We do this… till it gets done.

Two down.


Who’s next?

The Emorys.

They arrive today.


You still home?

Anything else I got to know?


They’re just a family-husband, wife, couple of kids.

Daughters, I think.

He’s an engineer–

I’m not putting them on the cover of fucking “Life” here.

All right?

I don’t care who they are or where they’re from.

I just need to know how much force I’m gonna need in case, uh, Kong decides to go apeshit.

Our little neighborhood welcoming committee’s liable to, uh, spook ’em, so to speak.


You really should eat something.

Your color’s not so good.

Fuck you, Bull.

I didn’t think I was your type, Koistra.


[engine starts]

You’re the one.

Selling houses to n*ggers.

You heard what they do to women?

They don’t take their time like a white man.

Listen, I…

Something like that. Hmm?


Gonna cry?


So you’re not gonna do it anymore?

Sell to them?

We see any boofers without a mop in their hands in East Compton…

Excuse me, but what is this?

[Helen] Oh, that’s nothing to be concerned about.

It’s like I told you on the phone, Mr. Emory, these sorts of covenants are no longer legally enforceable.

You knew.

This house is yours.

[takes a deep breath]

[woodpecker tapping]

♪ ♪

[insects trilling]

[Lucky] I think somebody wants some peaches.


Mm, mm, mm. Mama’s coming.

[gasps] I’m right here.

I’m right here.


Be right back.

[Chester babbles in distance]

[Lucky] Hey, Sarge.

[growls softly]



Beautiful day.

[Lucky] Yes. Yes, it is.

You’re not lost, are you?

No, no. Not lost.

Just out walking around, saw your beautiful home.


Sergeant, come on.

It’s all right. Oh, look at you.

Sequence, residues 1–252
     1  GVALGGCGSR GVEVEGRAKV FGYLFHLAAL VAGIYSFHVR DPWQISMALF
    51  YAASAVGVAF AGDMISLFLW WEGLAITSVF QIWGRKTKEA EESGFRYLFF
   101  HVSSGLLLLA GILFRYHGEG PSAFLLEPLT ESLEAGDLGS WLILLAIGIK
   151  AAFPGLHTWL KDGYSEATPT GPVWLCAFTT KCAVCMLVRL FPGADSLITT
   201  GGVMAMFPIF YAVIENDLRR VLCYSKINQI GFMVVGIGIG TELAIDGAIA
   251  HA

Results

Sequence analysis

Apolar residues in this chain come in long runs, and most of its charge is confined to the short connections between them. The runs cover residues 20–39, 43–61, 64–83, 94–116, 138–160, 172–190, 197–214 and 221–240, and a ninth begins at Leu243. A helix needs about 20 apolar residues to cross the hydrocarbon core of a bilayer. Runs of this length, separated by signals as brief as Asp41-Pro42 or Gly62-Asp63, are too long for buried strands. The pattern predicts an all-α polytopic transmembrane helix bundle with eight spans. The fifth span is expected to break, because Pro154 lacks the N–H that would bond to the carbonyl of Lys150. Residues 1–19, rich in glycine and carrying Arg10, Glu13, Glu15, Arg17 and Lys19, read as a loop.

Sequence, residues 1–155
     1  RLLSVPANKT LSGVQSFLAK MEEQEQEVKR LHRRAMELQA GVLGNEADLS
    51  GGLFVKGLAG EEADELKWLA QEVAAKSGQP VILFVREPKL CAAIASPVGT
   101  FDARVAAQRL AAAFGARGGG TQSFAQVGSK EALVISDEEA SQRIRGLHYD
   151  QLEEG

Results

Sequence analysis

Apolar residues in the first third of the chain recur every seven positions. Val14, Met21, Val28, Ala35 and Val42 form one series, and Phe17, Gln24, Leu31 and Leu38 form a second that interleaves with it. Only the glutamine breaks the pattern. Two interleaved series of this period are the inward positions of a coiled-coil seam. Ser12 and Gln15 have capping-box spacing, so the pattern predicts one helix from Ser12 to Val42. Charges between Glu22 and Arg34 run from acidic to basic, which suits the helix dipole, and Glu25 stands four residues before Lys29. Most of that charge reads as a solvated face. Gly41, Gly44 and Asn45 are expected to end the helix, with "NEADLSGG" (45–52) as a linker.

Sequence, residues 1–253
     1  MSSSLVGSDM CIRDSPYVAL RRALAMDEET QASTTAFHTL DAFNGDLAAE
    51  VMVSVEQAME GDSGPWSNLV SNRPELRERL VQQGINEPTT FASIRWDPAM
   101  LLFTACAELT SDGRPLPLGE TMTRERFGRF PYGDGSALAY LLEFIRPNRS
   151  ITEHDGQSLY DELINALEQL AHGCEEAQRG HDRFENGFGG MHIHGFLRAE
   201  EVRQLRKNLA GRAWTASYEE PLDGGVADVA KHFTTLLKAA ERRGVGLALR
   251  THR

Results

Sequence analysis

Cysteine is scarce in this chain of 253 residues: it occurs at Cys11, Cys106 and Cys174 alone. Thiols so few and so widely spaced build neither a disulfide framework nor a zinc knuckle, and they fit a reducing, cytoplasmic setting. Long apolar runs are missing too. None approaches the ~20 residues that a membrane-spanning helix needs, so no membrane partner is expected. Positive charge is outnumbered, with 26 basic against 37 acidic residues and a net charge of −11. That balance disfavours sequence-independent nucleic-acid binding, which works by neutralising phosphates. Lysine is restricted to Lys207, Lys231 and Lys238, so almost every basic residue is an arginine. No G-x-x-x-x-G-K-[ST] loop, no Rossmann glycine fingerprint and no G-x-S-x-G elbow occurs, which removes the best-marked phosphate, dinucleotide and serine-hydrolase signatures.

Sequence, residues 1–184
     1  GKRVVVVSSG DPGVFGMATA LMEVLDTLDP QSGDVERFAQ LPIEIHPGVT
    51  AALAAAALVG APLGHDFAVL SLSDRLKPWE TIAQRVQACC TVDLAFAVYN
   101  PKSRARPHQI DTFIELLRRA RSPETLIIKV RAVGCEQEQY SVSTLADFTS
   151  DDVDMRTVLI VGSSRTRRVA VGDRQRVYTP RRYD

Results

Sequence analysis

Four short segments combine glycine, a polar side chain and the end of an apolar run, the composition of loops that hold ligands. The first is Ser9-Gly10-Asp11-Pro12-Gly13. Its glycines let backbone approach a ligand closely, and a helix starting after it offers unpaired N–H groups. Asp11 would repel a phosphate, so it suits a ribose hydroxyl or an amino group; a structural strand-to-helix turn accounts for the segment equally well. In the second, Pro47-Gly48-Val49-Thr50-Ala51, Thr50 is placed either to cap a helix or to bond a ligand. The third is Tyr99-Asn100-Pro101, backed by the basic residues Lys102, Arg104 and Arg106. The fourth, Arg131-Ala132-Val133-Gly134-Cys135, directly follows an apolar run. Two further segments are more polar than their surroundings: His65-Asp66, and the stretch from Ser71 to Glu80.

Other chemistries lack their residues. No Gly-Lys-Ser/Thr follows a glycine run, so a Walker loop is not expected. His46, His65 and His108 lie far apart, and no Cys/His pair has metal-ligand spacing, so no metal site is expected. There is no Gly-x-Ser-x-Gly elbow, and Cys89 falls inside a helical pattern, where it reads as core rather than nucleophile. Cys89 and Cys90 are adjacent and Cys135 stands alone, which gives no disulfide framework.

Aren’t you a good boy?


You like me, don’t you?

♪ Gone are the days ♪

♪ When my heart was young and gay ♪

♪ Gone are the toils ♪

♪ From the cotton fields away ♪

My daddy used to sing that to me.

Oh, I love that song,

Don’t you?

I don’t know it.

♪ Gone from the earth ♪

♪ To a better land I know ♪

♪ I hear those gentle voices calling ♪

♪ Old ♪

♪ Black ♪

♪ Joe ♪




[Chester crying]


I’m right here.

I’m right here, baby.



Is that your baby?


Yes, he is.

[exhales] What’s his name?

[Lucky] Chester.

[quietly] Chester.


I think you better be on your way.


My husband’s gonna be home soon.

That man left from here with… two little girls ’bout an hour ago?

Oh, we seen him.

Can I have him?


Your boy.

I’d like him very, very much.

Will you give him to me?

Go on.



I’m right here!



Oh, baby, I’m coming

[whispers] It’s okay. It’s okay.

I’m right here.

[crying continues in distance]



It’s okay.


[woman] ♪ Gone are the toils ♪

♪ From the cotton fields away ♪

[singing indistinctly]

[Chester shouts]



♪ My head is bending low ♪

[Sergeant whining]

♪ I hear the gentle voices calling ♪

♪ Old Black Joe ♪


[breathing heavily]

[Chester crying]






[soft rattling]

[muffled crying]


[glass shatters]

[footsteps in distance]


[window opening]

[door closes]

[shuddering softly]

[man whistling]

[loud tramping overhead]


[scraping, clattering overhead]

[whistling in distance]

[shuddering quietly]

[tramping in distance]

[muffled scraping]



[clattering continues in distance]

[scraping, clattering]

♪ ♪

[clattering in distance]




[breathing heavily]


[whimpering, grunting]

[man grunts]

[Lucky whimpering]

[zipper unzips]


[breathing heavily]

[man moaning]

♪ ♪

[man grunting]

[Lucky crying]


[Chester crying in distance]

[Lucky crying]

[panting] No.

No! No! No!

[Chester crying]


[Chester cooing]


[Lucky shouting in distance]

♪ ♪